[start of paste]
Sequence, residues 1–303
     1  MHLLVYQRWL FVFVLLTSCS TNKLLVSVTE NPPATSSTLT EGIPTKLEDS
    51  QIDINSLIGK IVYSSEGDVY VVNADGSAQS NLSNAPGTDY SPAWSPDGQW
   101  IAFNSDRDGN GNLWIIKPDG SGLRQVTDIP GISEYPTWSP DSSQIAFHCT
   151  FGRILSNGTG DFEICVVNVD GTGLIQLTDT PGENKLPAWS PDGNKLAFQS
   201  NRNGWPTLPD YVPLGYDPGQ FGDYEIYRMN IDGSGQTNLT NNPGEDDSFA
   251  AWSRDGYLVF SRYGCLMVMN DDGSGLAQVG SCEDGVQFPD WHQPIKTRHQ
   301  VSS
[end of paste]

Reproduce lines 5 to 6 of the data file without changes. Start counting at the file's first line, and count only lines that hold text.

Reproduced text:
   151  FGRILSNGTG DFEICVVNVD GTGLIQLTDT PGENKLPAWS PDGNKLAFQS
   201  NRNGWPTLPD YVPLGYDPGQ FGDYEIYRMN IDGSGQTNLT NNPGEDDSFA